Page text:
Q: I experienced serotonin syndrome once, even though I used a drug interaction checker. Unfortunately, it was hard to use. As a result, I had a scary experience.

Being a wary person, I went to an online interaction checker and typed in “Prozac.” When it told me that it found no drug interactions, I typed in “fluoxetine.” Again, nothing.

So, I, a Prozac patient, went ahead and took my cough medicine. Before long, I was frazzled, agitated, trembling and saying things that made no sense. Luckily, this subsided after a few hours.

Suspecting an interaction, I went back to that interaction checker and typed in “fluoxetine dextromethorphan.” Presto! I saw that this combination could have sent me to the hospital. Why isn’t this better known?

A: Many antidepressants, including fluoxetine (Prozac), paroxetine (Paxil) and sertraline (Zoloft), can interact with cold medicines containing the cough suppressant dextromethorphan (DM) or the antihistamine chlorpheniramine (British Journal of Clinical Pharmacology, December 2010). This potential interaction is not widely recognized.

The resultant serotonin syndrome can be life-threatening. Symptoms may include confusion, agitation, diarrhea, nausea or vomiting, rapid heart rate, muscle spasms, fever, overactive reflexes, hallucinations and rapid changes in blood pressure.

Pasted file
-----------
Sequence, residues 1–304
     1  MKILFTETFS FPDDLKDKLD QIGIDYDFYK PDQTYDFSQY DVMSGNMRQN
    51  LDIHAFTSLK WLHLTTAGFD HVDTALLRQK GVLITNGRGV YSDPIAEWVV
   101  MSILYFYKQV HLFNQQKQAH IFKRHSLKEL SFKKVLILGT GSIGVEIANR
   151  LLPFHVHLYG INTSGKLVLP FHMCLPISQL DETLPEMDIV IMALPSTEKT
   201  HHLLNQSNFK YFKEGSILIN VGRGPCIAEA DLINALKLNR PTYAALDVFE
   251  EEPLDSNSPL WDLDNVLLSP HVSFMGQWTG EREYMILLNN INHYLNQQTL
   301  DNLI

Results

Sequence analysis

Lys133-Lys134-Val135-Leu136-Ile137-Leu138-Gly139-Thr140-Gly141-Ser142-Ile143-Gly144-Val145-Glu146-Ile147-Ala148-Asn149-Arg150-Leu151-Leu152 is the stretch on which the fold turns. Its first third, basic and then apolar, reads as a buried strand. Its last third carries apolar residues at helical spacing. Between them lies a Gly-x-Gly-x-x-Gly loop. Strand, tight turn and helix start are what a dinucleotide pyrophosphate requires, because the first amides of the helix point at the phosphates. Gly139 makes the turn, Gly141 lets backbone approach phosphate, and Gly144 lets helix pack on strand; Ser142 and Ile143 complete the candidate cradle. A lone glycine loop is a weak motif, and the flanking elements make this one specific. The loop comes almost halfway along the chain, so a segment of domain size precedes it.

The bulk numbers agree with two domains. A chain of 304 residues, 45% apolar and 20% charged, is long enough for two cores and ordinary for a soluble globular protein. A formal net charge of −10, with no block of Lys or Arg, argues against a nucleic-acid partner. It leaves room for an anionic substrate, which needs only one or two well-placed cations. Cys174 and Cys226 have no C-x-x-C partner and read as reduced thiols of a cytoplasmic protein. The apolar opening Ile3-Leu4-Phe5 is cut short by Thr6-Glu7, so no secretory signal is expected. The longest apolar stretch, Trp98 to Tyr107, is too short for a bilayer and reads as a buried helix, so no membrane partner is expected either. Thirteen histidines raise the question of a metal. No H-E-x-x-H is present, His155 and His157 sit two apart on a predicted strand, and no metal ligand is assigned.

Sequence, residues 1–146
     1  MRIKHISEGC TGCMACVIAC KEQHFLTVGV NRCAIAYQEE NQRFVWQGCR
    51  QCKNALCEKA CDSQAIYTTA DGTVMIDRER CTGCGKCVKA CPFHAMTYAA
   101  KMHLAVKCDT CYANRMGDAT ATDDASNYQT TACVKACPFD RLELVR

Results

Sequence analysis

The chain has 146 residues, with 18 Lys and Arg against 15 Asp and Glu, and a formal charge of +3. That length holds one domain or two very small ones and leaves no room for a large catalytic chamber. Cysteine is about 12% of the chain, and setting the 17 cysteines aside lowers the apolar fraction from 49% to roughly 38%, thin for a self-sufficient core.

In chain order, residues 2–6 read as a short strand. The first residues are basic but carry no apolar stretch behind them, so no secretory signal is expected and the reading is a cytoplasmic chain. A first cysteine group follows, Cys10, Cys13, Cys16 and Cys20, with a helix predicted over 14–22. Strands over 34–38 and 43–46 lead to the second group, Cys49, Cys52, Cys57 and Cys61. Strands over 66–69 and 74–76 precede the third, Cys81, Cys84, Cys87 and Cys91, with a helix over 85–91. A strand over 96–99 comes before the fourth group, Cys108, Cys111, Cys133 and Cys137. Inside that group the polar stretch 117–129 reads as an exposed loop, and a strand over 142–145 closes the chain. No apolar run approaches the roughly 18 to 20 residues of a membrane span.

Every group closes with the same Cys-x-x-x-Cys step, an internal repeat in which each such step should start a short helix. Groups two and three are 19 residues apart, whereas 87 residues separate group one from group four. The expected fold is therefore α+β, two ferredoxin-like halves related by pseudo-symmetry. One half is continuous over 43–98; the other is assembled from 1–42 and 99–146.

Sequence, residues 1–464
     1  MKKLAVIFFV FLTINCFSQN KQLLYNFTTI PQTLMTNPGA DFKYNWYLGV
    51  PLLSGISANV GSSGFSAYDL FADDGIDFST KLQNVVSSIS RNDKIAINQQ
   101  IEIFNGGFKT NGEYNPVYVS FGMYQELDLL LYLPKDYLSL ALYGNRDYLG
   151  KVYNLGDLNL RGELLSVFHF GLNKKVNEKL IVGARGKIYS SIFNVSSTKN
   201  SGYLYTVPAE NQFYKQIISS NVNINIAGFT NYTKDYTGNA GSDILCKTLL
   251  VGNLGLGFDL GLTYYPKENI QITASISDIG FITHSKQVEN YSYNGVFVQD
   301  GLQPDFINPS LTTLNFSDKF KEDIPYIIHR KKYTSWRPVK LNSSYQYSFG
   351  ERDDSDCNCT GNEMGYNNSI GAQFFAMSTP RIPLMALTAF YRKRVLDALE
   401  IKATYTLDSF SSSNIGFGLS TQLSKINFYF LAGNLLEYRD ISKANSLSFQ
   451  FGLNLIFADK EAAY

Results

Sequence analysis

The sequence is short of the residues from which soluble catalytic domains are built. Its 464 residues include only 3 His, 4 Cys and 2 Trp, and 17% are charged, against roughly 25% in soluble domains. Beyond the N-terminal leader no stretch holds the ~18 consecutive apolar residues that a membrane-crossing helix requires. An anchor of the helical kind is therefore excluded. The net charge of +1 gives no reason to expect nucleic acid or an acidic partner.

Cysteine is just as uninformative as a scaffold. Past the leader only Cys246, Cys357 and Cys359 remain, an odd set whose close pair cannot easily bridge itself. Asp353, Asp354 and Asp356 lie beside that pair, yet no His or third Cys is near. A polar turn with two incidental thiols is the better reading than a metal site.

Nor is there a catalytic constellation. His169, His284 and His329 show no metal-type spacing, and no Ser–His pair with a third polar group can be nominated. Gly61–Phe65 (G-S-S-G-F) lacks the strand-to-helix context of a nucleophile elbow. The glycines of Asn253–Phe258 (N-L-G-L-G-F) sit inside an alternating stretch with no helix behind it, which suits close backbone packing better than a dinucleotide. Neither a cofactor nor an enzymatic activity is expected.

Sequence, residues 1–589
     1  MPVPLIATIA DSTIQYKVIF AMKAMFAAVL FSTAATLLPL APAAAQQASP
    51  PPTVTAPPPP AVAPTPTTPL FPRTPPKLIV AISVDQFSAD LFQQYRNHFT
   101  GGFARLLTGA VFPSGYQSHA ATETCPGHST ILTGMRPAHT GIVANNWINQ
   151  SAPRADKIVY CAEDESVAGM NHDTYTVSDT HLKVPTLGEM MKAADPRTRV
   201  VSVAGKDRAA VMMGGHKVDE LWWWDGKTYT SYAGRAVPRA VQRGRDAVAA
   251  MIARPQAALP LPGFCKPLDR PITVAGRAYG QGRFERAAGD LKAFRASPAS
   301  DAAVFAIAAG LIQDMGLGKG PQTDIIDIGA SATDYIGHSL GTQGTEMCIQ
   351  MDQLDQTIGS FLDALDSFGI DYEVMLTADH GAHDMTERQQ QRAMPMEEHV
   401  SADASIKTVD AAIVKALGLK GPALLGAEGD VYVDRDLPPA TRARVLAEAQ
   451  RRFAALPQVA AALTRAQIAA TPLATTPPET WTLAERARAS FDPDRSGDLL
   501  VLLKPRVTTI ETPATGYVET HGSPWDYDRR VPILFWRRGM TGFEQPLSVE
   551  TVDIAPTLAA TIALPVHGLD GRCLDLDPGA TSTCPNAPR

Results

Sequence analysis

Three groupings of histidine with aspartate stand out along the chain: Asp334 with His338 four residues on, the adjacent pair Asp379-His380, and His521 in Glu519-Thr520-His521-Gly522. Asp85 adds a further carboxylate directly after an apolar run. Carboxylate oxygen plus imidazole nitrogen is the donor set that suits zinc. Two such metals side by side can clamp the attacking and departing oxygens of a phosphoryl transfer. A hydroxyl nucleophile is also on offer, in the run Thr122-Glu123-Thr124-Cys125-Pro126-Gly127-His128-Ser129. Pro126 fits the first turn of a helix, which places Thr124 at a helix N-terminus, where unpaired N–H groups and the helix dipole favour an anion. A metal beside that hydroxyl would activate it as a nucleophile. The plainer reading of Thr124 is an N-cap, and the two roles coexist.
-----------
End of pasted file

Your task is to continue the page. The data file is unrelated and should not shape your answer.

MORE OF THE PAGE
Investigators found that nearly 8% of the patients in an intensive care unit met criteria for serotonin syndrome, though none of them had been diagnosed (Journal of Critical Care, June 2021). Most of these patients had taken at least two serotonergic drugs, including ondansetron (Zofran), tramadol (Ultram), dextromethorphan or chlorpheniramine.

Q: My Medicare Advantage Plan is always trying to get me to have my medicines mailed because it is cheaper. Instead, though, I get my prescriptions filled locally, where I know my pharmacist.

One time, a doctor prescribed me a new drug. Since I was in a hurry, I stopped at the nearest pharmacy. However, when they quoted the price, I said, “Oh no!”

I drove a few blocks farther and went to my usual pharmacist. When he looked at the prescription, he told me my insurance would not cover it. However, they would cover an alternative, and he named it. Then he advised me to call the doctor to see if that would work as a substitute.

I did, and she prescribed it. I am still using this medicine, which is working well. That’s the reason I refuse to buy my medicines through the mail. The slight extra cost is well worth it.

A: Having a vigilant pharmacist who is watching out for potential drug interactions as well as what your insurance will and won’t cover is invaluable. Finding an affordable alternate medication can sometimes be challenging.

If there is no substitute, there are a couple of options. Consumer Reports mentions that Costco has good prices at their pharmacies, which you can use without becoming a member. They also suggest checking GoodRx.com to learn the drug’s fair price. Coupons found there can sometimes save you quite a bit.

To learn more about these and other cost-saving strategies, you may be interested in our eGuide to Saving Money on Medicines. This online resource may be found under the Health eGuides tab at www.PeoplesPharmacy.com.